Home-built Photography Light Tent – Part 1

Many of my friends know that I’m an aspiring amateur photographer. While I’m currently of the school of thought “accuracy by volume,” I am working to get good enough to always take quality pictures the first shot (I still have a ways to go…). Part of getting better is experimenting and getting more equipment to help in my pursuit.

The newest addition to my equipment inventory is a light tent (or light box) for taking cleanly lit close-up pictures of small to medium sized objects. I’ve been toying with the idea of buying one for a few years, but have been on a DIY kick for a while and decided to just go out and build one for myself.

Part one of this post will cover the construction of the frame, while part 2 will cover the construction of the light diffusing fabric panels on the sides of the tent.

As with many of my projects, the original idea is not new; you can easily Google “DIY light tent” or “light tent” to find a number of projects building similar devices. A few of the websites that I follow (MightyOhm and Strobist) have even gone the DIY route for their light tents.

My goal for this build was to keep it relatively simple, able to be broken down and stored easily, and to build something a little more customizable than ones I had seen elsewhere.


Light Box Mockup

The light box that I decided to build is roughly 2′ by 2′ by 2′ without the added arms attached. I wanted to add optional arm extensions to the box so that lights and flashes can be easy clamped to the structure. With the arms attached, add roughly an extra 1′ wide by 1/2′ tall for a total of 3′ wide by 2′ deep by 2 1/2′ tall.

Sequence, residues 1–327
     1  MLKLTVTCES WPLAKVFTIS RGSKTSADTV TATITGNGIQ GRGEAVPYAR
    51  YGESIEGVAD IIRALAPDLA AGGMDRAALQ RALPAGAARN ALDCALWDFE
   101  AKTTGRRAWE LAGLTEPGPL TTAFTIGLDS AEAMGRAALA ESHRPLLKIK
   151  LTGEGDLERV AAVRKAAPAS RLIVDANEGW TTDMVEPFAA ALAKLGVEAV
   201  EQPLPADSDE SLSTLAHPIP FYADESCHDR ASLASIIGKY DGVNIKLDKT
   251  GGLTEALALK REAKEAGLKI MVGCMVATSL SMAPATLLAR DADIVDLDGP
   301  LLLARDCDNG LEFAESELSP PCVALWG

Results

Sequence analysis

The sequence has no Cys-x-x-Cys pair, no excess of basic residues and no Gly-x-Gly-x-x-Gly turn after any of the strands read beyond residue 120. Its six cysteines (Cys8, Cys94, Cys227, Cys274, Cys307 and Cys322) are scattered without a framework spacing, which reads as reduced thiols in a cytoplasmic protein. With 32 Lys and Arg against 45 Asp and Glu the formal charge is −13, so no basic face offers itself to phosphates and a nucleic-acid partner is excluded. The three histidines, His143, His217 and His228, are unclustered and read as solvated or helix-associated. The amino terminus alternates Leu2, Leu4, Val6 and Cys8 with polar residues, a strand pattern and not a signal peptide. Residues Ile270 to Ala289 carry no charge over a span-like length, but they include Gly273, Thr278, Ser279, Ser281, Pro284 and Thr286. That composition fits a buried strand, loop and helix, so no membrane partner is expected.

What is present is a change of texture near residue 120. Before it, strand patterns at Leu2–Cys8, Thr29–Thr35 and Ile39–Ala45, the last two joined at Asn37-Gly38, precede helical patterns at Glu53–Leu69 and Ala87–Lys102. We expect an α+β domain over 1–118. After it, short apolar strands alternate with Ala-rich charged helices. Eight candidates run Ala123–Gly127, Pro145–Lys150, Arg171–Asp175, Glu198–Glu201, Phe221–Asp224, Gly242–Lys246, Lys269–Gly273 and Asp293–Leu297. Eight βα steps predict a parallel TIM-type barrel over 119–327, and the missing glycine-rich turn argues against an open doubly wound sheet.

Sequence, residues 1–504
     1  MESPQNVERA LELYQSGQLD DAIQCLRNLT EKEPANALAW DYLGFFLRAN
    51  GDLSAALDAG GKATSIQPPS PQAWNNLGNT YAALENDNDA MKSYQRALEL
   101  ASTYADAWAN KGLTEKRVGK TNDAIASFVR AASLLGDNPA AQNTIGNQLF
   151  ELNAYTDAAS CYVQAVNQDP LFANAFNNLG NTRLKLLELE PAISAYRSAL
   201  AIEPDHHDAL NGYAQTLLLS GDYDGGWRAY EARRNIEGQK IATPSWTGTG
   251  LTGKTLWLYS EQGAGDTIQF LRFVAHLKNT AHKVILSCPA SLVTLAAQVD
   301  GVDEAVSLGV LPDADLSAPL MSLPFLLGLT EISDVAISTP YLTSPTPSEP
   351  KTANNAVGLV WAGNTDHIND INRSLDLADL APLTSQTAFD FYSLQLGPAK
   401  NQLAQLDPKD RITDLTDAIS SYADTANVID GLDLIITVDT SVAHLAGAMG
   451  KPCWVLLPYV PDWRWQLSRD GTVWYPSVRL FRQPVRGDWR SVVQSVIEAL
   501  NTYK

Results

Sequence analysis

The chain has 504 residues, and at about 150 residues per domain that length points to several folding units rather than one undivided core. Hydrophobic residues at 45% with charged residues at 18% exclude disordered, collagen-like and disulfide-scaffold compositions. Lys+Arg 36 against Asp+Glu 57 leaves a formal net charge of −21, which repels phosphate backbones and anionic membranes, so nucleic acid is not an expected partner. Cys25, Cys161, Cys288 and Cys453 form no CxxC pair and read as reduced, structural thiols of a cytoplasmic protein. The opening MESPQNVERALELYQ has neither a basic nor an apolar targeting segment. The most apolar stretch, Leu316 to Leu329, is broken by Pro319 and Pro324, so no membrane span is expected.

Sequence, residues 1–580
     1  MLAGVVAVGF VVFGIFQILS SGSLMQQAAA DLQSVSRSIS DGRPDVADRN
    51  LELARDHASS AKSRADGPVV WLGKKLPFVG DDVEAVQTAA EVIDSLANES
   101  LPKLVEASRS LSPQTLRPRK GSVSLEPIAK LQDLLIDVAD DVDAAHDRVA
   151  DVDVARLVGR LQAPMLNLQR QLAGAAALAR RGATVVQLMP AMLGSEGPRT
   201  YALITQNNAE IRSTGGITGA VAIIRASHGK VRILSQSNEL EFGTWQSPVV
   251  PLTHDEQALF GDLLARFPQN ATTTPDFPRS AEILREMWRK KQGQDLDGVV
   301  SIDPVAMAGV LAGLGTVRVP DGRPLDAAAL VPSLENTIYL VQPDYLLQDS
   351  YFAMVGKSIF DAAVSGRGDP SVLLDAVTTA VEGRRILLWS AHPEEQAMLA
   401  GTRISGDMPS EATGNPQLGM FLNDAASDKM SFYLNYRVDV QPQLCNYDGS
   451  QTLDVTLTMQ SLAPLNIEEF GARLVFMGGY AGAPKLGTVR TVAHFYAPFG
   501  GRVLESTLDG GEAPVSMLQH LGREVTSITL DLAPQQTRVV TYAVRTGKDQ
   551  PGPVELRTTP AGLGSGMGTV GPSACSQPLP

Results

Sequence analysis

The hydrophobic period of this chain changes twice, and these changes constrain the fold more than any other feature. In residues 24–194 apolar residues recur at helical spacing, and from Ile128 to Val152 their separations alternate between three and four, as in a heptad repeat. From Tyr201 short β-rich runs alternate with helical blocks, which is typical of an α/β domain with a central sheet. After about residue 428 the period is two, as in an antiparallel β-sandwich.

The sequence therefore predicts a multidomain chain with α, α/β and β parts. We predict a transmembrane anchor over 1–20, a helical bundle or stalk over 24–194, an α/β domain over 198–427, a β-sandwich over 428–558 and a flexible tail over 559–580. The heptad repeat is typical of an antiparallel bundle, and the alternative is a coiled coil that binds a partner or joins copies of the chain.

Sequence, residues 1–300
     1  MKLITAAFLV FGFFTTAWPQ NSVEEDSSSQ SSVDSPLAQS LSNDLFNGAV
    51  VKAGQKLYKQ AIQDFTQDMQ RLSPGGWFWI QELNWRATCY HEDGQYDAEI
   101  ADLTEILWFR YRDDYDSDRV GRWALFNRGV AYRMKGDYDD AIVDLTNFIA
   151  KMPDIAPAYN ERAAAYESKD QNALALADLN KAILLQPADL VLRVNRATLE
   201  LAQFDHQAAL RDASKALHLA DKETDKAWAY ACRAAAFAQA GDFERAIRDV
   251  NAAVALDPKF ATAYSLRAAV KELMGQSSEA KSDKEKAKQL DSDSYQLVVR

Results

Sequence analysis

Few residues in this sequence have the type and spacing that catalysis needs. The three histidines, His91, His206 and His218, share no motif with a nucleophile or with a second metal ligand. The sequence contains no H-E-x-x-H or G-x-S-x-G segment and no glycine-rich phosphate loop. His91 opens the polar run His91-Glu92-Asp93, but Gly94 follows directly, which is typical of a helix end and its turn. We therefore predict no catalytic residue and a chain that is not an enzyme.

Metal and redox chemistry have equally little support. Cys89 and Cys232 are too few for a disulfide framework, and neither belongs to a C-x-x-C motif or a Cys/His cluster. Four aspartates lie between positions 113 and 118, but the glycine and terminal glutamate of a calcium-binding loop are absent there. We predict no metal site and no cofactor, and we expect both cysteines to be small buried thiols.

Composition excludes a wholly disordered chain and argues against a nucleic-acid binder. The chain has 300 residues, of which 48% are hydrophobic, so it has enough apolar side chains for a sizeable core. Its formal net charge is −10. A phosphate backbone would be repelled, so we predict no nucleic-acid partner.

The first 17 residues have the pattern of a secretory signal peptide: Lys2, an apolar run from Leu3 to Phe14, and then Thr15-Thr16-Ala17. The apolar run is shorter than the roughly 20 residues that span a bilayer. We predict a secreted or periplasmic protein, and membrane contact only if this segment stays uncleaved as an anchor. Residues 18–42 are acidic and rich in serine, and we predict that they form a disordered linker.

Parts List

Light box raw parts
  • (16) – 2′ lengths of 1/2″ PVC pipe – $0.75 each
  • (14) – Right angle 1/2″ un-threaded fitting – $0.25 each
  • (14) – 3-way/ ‘T’ 1/2″ un-threaded fitting – $0.27 each
  • (2) – clamp-on utility lamp – $5.47 each

All hardware parts for the frame should be able to be found in any of the major home-construction type stores and should cost about $30.


First – cutting the pieces

Cutting jig
Small adaptor pipe

Make all cuts to the PVC at the same time to save time. Where I state to mark a pipe with a letter, it’ll work best if you place that marking in small text close to the ends of the pipe lengths. Produce the following pieces:

  • Keep 5 of the pieces the full 2′ length and label them as part ‘A.’ A few of the ones that I bought were close enough to the 2′ length, but most were almost 1/4″ longer and were more ideal for cutting.
  • Cut four pipe lengths to be 19″ long – mark these as ‘B’
  • Take two of the scraps from those cuts and trim them to 5″ – mark these as ‘C’
  • Take the other two scraps and cut four 1 1/2″ lengths out each of them – mark these as ‘D’
  • Cut four of the pipes into 14 7/8″ long pieces – label them ‘E’
  • Cut four 8″ pieces from the scrap of those last cuts – label them ‘F’
  • Cut two of the pipes down to 12 7/8″ lengths – label them ‘G’
  • Cut two pieces from those scraps to be 6″ long – label them ‘H’
  • Take one last pipe and cut it into four pieces that are 5 7/8″ long – label them ‘I’

Make sure you keep track of all of these lengths, or else you’ll find yourself taking another trip to the store.

Second – assemble the base

Right angle to "T" connection

The base consists of four right-angle fittings, four “T” fittings, four pipe length D’s, two pipe length A’s, and two pipe length B’s.

  • Put the four right angle fittings on both ends of both pipe A’s
  • Put the four small part D pieces into each of the right angle fittings
  • Put the four “T” fittings onto the small D pieces
  • Complete the base by putting the B pieces into the the T’s to form a square with the A pieces